Colonel Thomas Strangways Horner (1762–1844) inherited the Mells estate in 1804 from his father and immediately planned alterations to Mells Park House. He first commissioned James Spiller, a surveyor and close friend of the architect John Soane.8 The introduction to Soane was made by Sir John Coxe Hippisley (1746–1825), who was, confusingly, both Horner’s father-in-law and his brother-in-law, through Hippisley’s second marriage.
Coxe Hippisley’s friendship with the Horners impacted on Mells in other ways. Although not himself a Roman Catholic, he was close to the Stuart court in Rome and persuaded George III to provide Henry, Cardinal York, last of the royal Stuarts, with a pension. His personal collection of paintings and other relics passed to the Horners, including portraits of the Stuarts and the veil worn by Mary Queen of Scots at her execution.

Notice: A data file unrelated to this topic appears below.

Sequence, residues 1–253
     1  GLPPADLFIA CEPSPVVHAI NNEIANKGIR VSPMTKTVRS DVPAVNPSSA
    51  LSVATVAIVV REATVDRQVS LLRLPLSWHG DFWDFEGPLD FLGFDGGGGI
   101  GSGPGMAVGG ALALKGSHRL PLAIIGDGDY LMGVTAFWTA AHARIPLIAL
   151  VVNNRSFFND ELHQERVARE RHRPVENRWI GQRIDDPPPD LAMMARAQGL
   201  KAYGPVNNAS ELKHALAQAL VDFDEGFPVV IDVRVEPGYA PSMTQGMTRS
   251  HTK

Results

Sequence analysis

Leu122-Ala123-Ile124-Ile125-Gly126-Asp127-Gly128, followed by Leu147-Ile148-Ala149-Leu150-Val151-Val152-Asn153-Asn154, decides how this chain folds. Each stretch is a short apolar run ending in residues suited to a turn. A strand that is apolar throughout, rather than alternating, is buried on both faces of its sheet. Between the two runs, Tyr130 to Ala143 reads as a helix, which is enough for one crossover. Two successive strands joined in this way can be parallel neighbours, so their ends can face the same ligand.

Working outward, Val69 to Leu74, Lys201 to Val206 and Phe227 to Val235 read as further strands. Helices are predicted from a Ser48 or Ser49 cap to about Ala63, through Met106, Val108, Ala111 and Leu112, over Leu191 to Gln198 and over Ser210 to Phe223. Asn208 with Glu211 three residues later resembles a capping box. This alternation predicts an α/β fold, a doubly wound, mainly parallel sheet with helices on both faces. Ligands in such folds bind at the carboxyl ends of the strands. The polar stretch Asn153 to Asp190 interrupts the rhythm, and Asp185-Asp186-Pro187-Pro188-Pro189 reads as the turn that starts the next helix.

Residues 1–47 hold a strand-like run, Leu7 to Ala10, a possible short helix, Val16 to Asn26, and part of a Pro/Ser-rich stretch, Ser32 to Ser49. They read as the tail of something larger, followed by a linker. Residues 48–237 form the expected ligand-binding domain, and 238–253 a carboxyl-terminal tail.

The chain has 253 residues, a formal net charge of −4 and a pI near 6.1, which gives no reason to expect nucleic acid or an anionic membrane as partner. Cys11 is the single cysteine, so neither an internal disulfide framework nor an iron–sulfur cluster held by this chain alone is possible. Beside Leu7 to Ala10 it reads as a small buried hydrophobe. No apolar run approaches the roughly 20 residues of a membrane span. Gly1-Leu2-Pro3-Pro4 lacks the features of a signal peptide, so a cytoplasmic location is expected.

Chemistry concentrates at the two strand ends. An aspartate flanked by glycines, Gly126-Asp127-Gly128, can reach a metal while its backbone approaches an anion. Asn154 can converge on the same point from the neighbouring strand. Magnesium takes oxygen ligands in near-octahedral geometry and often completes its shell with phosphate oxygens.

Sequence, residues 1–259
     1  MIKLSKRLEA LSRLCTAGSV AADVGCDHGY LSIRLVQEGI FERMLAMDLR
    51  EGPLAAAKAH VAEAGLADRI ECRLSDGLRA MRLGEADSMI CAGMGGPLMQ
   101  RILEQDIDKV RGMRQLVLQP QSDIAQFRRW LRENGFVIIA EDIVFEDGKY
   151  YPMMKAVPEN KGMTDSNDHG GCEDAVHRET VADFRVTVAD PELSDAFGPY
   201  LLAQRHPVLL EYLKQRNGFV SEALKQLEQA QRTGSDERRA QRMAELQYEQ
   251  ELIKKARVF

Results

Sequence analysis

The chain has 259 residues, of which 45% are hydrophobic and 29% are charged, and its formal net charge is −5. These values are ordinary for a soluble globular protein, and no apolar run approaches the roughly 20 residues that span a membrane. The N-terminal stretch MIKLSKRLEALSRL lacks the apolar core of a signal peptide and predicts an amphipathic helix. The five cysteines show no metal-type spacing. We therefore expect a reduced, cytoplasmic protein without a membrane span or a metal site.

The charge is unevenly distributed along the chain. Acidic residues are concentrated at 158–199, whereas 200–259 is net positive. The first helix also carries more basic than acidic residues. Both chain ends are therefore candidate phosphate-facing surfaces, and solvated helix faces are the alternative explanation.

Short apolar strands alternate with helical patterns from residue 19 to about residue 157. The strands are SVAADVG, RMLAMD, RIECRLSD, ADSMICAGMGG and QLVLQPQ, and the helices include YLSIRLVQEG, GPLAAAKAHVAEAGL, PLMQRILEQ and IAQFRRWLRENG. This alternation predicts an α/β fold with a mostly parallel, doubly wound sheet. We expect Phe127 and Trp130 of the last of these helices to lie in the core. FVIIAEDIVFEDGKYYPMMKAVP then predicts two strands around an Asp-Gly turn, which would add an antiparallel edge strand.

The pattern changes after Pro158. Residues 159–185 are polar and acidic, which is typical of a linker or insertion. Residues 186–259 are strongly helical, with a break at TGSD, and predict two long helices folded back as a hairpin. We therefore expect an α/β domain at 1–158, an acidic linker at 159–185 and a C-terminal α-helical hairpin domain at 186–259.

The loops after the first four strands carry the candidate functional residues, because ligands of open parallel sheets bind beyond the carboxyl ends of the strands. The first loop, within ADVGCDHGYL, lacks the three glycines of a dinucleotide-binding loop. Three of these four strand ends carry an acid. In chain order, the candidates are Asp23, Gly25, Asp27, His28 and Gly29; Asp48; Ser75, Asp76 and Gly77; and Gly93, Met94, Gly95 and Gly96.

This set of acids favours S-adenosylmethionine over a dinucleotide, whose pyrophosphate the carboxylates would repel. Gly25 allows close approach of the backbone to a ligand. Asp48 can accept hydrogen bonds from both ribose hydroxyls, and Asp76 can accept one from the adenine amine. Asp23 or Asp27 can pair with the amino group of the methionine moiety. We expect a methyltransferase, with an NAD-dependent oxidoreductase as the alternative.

Colonel Horner’s son, the Reverend John Stuart Hippisley Horner (1810–1874), inherited Mells in 1844. He was a prebendary of Wells Cathedral and the rector of St Andrew’s Mells and added his collection of religious books to the library. Otherwise, the contents of the house reflected the typical taste and interests of country gentry. Frances Horner, arriving as the new chatelaine in 1883, found ‘stuffed bird and stuffed animals on all the tables and shelves; collections of seaweed, birds’ eggs and dried fish filled every corner.’9 The Reverend Horner found some use for the Manor House, establishing St Andrew’s Anglican College for a few years in the mid-nineteenth century. Training was provided to local men in church restoration work. The Horwood brothers worked on stained glass in St Andrew’s church and the Clark brothers carved the pew ends.